Henry Hill: Welsh FM calls for end to devolution "tinkering"
Welsh FM calls for end to devolution ‘tinkering’
I find Carwyn Jones, the Labour First Minister of Wales, completely maddening. He simply refuses to adopt, on the constitution at least, a set of positions that cohere with my likes and dislikes. He appears a staunch unionist, to a certain value of that term, whilst also a committed devolutionary who has precious little good to say of a role for London – i.e. Britain – in most Welsh affairs.
His latest intervention is a case in point. Jones believes that devolution has been implemented in a slapdash fashion and needs to be brought to a stable, sustainable conclusion – to be made ‘an event, not a process’, in a reversal of the old maxim. This is a position I hold myself, and outlined in March both here at ConHome and as part of ITV News’ ‘Wales in a Changing UK’ series. It’s a fine thing to see a senior politician, especially one from Labour, if not quite stepping outside the “more powers” camp then at least articulating a point at which he will do so.
The problem with this position lies in actually coming up with proposals for stabilising the constitution and moving politics and public expectations on from the era of fragmentation. One, mooted on ConHome, is the notion of a ‘new act of union’. Jones prefers a codified British constitution, which would carry a US-style presumption against central government in any case where the balance of power between London and Cardiff was in doubt.
Personally, I cannot for the life of me fathom why a codified constitution is preferable to what we have at the moment. Currently our constitution is constantly updated, with the power to do so vested in Members of Parliament elected by us. A codified constitution would be drawn up by people elected either at one point in time or not at all, and would be maintained thenceforth by judges attempting, with varying levels of sincerity, to scry the intentions of its ever-more remote drafters.
So it’s scarcely perfect. Nonetheless, with any luck Jones’ move will prompt other figures, both within Wales and without, to respond with their own proposed solutions. If enough people do so, we may alight on a good one. Stranger things have happened.
Northern Irish grammar schools speak out against abolition
Northern Irish grammar schools have come out fighting against proposals which they believe may see them forcibly merged with non-selective neighbours. The heads of four such schools met to discuss their deep concerns about area-based reforms proposed by Sinn Fein’s John O’Dowd. His predecessor, Caitríona Ruane (also of Sinn Fein, who appear always to get education), was also an opponent of selective education, which persists in the province on a level unseen in Britain outside Buckinghamshire and other such strongholds of selection. She abolished the ‘eleven plus’ transfer examination.
Unionists, traditionally allies of the grammar school system, have stepped up. Although Peter Robinson publicly defended the ‘Dickson Plan’, within which two popular grammars fear they’ll be forced to merge with comprehensives, he took pains to point out that if a proposal was unpopular with the community it would be open to challenge by the executive. Both and UUP and DUP appear to support such a right of appeal right across Northern Ireland, which would if implemented most likely place every grammar beyond harm’s reach.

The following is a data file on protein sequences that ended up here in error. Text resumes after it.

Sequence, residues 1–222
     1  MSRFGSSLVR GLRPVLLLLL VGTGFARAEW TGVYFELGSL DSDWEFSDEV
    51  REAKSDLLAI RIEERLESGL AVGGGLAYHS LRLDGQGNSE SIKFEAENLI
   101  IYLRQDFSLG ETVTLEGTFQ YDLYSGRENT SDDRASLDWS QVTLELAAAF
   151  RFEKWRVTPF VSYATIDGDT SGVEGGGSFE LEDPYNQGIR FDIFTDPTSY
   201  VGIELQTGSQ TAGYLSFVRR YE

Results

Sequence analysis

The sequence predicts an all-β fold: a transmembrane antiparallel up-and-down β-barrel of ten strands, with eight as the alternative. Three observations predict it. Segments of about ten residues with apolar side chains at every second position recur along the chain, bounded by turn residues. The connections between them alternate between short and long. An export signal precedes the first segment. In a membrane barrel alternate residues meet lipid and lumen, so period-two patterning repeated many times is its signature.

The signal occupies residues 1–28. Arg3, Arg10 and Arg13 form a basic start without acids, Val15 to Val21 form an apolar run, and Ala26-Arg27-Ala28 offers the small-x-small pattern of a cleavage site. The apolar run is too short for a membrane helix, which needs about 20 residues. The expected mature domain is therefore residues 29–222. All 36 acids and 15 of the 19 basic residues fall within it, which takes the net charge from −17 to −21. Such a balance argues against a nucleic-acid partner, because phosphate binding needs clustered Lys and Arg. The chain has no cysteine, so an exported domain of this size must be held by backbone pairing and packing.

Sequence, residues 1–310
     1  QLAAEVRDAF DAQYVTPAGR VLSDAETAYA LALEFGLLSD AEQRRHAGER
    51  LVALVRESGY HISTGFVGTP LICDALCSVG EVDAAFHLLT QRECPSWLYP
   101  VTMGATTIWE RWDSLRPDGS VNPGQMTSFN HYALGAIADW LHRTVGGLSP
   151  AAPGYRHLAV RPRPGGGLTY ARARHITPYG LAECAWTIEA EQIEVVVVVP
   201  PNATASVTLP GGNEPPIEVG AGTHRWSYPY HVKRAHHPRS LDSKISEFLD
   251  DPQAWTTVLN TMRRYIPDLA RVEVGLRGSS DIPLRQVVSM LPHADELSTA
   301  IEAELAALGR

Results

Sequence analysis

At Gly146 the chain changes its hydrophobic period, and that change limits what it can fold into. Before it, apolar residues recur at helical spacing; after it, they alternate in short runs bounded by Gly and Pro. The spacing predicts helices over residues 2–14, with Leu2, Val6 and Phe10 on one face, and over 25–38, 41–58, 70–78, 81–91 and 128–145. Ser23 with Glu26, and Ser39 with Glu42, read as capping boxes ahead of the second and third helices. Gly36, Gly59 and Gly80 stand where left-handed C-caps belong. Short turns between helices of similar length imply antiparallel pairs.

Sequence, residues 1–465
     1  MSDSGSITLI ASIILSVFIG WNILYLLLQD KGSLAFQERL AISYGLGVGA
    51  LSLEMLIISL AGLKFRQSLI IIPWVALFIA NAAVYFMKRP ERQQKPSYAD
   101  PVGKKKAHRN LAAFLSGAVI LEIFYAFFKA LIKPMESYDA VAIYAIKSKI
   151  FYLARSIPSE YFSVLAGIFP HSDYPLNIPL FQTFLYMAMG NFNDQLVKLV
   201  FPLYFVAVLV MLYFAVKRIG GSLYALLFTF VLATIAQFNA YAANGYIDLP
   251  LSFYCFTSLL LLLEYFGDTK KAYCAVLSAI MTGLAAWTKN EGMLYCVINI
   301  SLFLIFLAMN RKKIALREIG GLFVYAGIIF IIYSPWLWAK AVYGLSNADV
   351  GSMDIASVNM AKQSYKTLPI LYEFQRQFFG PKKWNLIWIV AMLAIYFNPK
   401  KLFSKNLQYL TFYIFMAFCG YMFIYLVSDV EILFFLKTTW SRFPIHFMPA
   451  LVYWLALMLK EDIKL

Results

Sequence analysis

Labour and SNP choose by-election candidates
The nationalists have an opportunity to shore up their majority in the Scottish parliament coming up, as both they and Labour announce their candidates for the upcoming Dunfermline by-election. The election is to replace outgoing nationalist MSP Bill Walker, who has eventually been forced to resign after being convicted of 23 domestic abuse charges.
He had previously been suspended and then expelled from the SNP, but refused to resign his seat, thus putting another dent into their parliamentary majority following their seizure of the speakership and the resignation of two backbenchers over a u-turn in nuclear policy.
After falling short at the Aberdeen Donside by-election in June, this is Labour’s second opportunity to take a nationalist seat – and whereas Donside had an SNP majority of over 7,000 after the 2011 election, Walker only beat his Labour opponent by 590 votes last time around.
US public largely considers Northern Ireland conflict ‘resolved’, according to diplomat
According to Dr Richard Haas, formerly American envoy to Northern Ireland and now chair of an all-party commission on parades and other ‘divisive issues’, claims that Americans were surprised when he was asked to do the job as most of them thought the conflict in the six counties was resolved.
Perhaps they’ve been looking at the polls – the latest, commissioned by the Belfast Telegraph, revealed that less than four per cent of Northern Irish citizens would vote for the immediate abolition of the border and union with the South, and only a further 22 per cent would vote for it ‘in twenty years’. Despite all of Ulster’s local parties being fixated on the constitutional question, there are small yet hopeful signs that their public is moving on without them – and may in time drag the politicians along in their wake.
Although a segment of the US population and political class – consisting mainly of Irish Americans – has historically taken a great interest in Northern Ireland (to the extent, in a tiny minority of past cases, of funding and equipping the Provisional IRA), according to Dr Haas the recent tensions in the province are not high on America’s priority list. Looked at one way, that’s a sign of progress in itself.